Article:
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Not The Last

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Aang had known before Katara had.

He could feel the energy around her shifting and swelling, slowly, but noticeably. He hadn't known exactly what that energy was at first.

And then she'd rolled over to face him, a small, sleepy smile playing on her face, skin glowing in the gentle morning sunlight, and it had all clicked into place for him. His hands had drifted straight to her stomach, fabric bunching under his touch as he'd stroked her flat belly.

Katara had looked down at his hands, confused, but a smile blossomed on her face when she'd met his eyes, and he'd wrapped her up in his arms, knowing he'd never been happier.

Bumi was born to them nine months later; a little ball of energy, and a downright rascal. He tore around the house like a tornado, getting into everything, leaving no corner left unexplored.

That the first child of a master waterbender and the Avatar was born a nonbender didn't matter to them. He was their little boy and the love of their lives, and if his uncle Sokka spoiled him a little extra rotten, then they didn't mind.

A few years later Kya came to them, her kind heart and gentle nature certainly not outweighed by her cheekiness. She was nearly two when they first realized that she was a waterbender like her mother.

It had been bath time; filthy from a day outside, and Aang had carried her into the washroom screaming and crying, as she had apparently decided that she didn't want a bath that night.

The following tantrum caused his robes to soak up the entire contents of the tub.

Aang had carried her out into the living room with the biggest smile on his face, holding Kya aloft his head in excitement, her tiny little bare bum wiggling in an effort to get out of his grip.

"You're dripping on the floor, sweetie," Katara had said from her spot on the cushions, with Bumi asleep across her lap as she mended a torn tunic.

She'd waved her hand at him, the rapidly spreading puddle at his feet dancing up through the air around him before cascading back down over his head with a wet splatter.

Kya had squealed at the shock of water and then-
it was all across the room, dripping from the walls and coating the furniture, soaking into Katara's clothes, her hair drenched and plastered across her cheeks.

Katara had sputtered out a mouthful of water, looking between the two of them, eyes wide with disbelief.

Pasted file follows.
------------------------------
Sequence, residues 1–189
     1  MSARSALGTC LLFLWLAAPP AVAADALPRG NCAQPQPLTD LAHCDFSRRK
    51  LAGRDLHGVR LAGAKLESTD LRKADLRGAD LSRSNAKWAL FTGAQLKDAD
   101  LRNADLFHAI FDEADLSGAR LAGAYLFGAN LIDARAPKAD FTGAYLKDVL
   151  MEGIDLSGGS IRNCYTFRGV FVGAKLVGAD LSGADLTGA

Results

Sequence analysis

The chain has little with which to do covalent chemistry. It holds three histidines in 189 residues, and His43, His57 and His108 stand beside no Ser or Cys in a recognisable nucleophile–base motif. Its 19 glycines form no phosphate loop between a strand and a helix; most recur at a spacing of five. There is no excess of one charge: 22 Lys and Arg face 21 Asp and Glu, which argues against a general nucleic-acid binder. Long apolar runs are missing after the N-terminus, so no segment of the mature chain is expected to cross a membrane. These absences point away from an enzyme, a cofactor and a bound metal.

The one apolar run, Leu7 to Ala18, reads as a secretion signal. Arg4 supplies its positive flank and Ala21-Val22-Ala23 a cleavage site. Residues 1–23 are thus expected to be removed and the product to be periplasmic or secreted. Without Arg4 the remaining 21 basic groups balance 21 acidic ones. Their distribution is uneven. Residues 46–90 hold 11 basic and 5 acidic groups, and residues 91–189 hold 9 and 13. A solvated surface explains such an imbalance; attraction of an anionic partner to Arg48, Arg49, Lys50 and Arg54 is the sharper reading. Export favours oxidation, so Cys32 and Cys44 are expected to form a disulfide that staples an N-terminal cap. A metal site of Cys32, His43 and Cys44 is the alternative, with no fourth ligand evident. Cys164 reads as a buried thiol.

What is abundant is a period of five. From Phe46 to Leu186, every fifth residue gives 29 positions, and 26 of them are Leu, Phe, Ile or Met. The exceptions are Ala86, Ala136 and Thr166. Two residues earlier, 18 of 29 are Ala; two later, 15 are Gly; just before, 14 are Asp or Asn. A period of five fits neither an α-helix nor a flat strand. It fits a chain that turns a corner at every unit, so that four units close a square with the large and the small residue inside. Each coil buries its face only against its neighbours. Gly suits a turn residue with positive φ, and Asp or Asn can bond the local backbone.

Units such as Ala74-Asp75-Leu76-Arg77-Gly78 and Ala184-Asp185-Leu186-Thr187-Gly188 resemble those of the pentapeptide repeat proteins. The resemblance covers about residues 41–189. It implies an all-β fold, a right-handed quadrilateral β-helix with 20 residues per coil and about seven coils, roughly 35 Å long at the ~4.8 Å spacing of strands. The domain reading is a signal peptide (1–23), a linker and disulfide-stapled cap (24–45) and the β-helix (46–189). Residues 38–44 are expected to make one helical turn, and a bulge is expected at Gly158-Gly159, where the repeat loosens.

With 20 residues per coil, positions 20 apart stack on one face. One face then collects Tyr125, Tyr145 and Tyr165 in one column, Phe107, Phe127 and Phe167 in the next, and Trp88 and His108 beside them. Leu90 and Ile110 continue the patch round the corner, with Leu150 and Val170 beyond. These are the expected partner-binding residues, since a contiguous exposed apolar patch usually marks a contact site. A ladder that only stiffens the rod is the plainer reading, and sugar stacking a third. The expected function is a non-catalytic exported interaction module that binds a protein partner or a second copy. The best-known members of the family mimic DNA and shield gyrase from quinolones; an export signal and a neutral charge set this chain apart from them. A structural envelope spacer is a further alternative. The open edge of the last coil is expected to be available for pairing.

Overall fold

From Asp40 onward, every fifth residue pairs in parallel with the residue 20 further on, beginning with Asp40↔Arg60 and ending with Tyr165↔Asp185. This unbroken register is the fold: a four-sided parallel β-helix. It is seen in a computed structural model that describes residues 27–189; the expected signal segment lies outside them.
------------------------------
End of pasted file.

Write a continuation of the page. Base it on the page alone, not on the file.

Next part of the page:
And then she'd started laughing, and he'd laughed with her, Kya still dangling about him with a disgruntled frown on her little face.

That day holds a special place in Aang's fondest memories.

Katara had fallen pregnant once more about a year after, and familiar now with her shifting energies, Aang was, again, the first to know.

But something was different this time. A feeling. A something that he was sure he hadn't felt in a long time, and couldn't quite put his finger on.

A little boy was born to them, and when Aang had held Tenzin in his arms for the first time, he had known that their little family was now complete.

Of course, time passes quickly, and children grow up right before your eyes.

Aang had taken Tenzin out into the yard to play while Katara had gone out to the market, taking the Bumi and Kya with her. Tenzin's chubby little three-year-old legs had carried him as swiftly as they could, chasing his father around and around on the grass, his giggles and laughter infectious, until they'd collapsed into a heap, Aang tickling his little belly and Tenzin squealing.

And then Tenzin had sneezed, sending chunks of grass and dirt spraying up into Aang's face, and sending the poor toddler stumbling backward, landing hard on his butt, little eyes wide with shock.

Something primal had clenched in Aang's chest, an energy so close to his heart, something that he hadn't felt in a long, long time. He'd felt it before when Katara had become pregnant, and again when Tenzin had been born, but he hadn't quite understood at the time.

But now he knew.

An airbender.

An airbender.

The first to be born into the world in nearly one hundred and fifty years.

Katara finds him there sometime later, still covered in dirt and openly sobbing, a very confused Tenzin held tightly in his arms.

He finds he can't speak when she kneels down next to him, asking what's wrong. He just cries harder, tucking Tenzin under his chin and burying his nose into the little brown tuft of his son's hair.


Tenzin squirms in his arms, and Aang takes a deep breath. "He-," but Aang chokes on the words. He just holds Tenzin out to her, pressing a kiss onto his tiny forehead.

Somehow, Katara understands.

And then she's crying too, her arms around them both, and he's so, so grateful for the little family that they'd created together, and the love that they'd found in each other.

He had never really been alone, he's always been loved, and loved fiercely in return.

But something deep inside him alleviates as he holds his infant son's tiny hand in his own. A pressure that had been buried in him for so long that he'd almost forgotten it existed; lifting.

He's not the last.

Not anymore.